EPHRAIM The Temple Riders Association (TRA) spent last weekend in central Utah celebrating 20 years of bike riding and temple work during its "20 and still Cruisin" rally that continued through Wednesday.
Rally Committee member Mary Workman, whose husband acts as director of the TRA, says the group "has good clean fun, meets people, and improves spirituality."
More than 100 TRA members went through endowment sessions in the Manti Temple Saturday morning while others worked outside on the temple grounds.
"There's a camaraderie with old friends," said rally chairman Gary Loesch. "We enjoyed particularly the temple experience. The temple grounds (service) was nice for people who may not be members. That was really special."
Throughout the rally, TRA members traveled in groups to different scenic and historical places in the area. The rides included visits to pioneer cemeteries in Spring City, a cave where the pioneers lived in Manti, Bryce Canyon, Cove Fort, and the Rat Fink Museum in Manti.
Along the way, there was only one imperative stop for all parties. "We stop for ice cream. That's kind of one of our traditions is to have ice cream wherever we go," Workman said. "We're keeping the ice cream industry in business."
Serving in the temple and riding alongside each other bring the riders together. The group had a carnival Monday with live music, cotton candy, snow cones, a dunking booth and a hot air balloon. They also had a formal dance Tuesday where the group was "waltzing, foxtrotting, and jitterbugging," Workman said.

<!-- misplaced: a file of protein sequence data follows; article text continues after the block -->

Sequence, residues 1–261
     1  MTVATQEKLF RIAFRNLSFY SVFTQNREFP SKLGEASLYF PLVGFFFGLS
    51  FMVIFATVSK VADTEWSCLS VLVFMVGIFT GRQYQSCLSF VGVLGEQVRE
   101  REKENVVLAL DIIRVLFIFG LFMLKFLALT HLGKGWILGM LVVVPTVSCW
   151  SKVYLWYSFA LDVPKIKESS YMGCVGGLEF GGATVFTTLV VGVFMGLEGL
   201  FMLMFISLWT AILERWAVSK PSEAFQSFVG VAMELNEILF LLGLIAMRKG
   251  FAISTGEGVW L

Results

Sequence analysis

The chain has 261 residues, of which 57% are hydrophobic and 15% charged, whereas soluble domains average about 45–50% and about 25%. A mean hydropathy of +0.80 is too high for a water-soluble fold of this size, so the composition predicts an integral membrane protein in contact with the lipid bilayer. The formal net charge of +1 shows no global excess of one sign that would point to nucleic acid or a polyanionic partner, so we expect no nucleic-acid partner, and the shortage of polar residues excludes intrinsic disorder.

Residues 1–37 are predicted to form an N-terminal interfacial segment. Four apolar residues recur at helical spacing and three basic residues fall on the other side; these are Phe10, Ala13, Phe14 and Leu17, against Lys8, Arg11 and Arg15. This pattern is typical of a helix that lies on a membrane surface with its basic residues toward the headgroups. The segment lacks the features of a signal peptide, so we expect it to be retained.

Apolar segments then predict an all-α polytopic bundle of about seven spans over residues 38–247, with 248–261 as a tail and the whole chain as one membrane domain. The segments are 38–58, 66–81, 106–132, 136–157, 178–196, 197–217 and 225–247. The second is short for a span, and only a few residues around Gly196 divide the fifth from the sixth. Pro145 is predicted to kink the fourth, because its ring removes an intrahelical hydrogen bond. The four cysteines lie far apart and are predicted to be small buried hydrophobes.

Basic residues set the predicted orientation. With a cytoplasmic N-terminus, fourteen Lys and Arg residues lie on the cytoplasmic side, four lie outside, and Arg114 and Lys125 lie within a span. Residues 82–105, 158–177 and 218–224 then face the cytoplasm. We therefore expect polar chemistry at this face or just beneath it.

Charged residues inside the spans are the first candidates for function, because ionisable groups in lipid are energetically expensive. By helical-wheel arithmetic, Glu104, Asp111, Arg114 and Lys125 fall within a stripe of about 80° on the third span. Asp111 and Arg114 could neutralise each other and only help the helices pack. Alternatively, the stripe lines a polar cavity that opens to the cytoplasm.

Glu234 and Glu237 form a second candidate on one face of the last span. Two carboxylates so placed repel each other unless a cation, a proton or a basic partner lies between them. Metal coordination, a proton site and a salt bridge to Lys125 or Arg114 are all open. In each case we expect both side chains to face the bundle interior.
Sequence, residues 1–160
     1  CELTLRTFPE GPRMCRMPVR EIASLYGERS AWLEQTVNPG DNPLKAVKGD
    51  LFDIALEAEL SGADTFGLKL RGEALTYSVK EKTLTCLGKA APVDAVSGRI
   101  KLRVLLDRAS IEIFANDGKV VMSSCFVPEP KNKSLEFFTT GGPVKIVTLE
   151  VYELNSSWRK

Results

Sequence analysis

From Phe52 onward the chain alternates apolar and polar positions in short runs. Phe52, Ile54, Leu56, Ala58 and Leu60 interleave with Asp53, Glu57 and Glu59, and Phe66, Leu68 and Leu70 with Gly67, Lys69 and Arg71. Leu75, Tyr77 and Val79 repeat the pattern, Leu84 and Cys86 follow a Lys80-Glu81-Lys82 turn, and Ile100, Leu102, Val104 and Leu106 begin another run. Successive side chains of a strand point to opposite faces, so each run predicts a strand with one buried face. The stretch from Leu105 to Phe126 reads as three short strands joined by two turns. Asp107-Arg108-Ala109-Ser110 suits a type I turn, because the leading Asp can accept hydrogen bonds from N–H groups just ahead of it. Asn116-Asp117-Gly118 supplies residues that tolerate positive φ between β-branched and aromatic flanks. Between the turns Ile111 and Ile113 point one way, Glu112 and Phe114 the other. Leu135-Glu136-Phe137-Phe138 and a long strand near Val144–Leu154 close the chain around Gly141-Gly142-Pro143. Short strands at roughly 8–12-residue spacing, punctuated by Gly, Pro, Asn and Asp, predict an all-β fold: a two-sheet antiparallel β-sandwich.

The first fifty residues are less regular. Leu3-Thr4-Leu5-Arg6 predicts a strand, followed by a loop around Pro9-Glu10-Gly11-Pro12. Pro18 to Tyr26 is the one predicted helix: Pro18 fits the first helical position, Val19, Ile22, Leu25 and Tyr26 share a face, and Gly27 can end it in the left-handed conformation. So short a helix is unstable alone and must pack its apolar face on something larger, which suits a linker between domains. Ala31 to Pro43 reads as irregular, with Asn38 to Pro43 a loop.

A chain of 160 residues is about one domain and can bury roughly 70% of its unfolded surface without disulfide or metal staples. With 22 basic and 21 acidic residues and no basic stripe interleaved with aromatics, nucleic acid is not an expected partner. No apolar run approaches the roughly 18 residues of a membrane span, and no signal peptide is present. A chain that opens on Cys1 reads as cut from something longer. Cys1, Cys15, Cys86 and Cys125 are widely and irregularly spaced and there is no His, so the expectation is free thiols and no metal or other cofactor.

"(The TRA) is close-knit because of our common love for the gospel and temples and our interest in motorcycles," Loesch said. "When a person joins, they automatically have 600 new friends. And they're more than Sunday-go-to-meeting friends, they're true friends."
The group tallied up its worldwide members on Sunday and came out with a total of 762.
Frank Reese and his wife, Catherine, founded the group in 1988 with five other couples who shared the same religious standards and motorcycle pastime.
Reese, now 81, traveled the 1,600 miles with his wife from Oklahoma to Manti to be a part of the rally. He now rides a white three-wheeled motorcycle, which is safer and steadier.
"My bike is white so I can get to heaven faster," Reese said.
The TRA attended a student ward Sunday after having its own fast and testimony meeting Sunday. "We had a fast and testimony meeting that could have gone on for four or five hours," Workman said. "We cut it off at two and a half hours."
On Saturday, Michael McLean entertained and inspired the bikers. "McLean said that he really didn't want the performance to end because he enjoyed the group so much," Loesch said. "He played his newest song and there wasn't a dry eye in the group. it was an incredible experience between him and us."
Deseret News columnist Jerry Johnston spoke to the group on Sunday evening. He mentioned an old commercial for Reese's Peanut Butter Cups where a boy eating peanut butter and another boy eating chocolate collide on a sidewalk. Soon after, they discover that the combination of chocolate and peanut butter makes for a great treat.
Johnston said the group's balance of spirituality and recreation is like peanut butter and chocolate.The rally is a place to find "great friends (and) great ideals in a great place," rider Ted May said.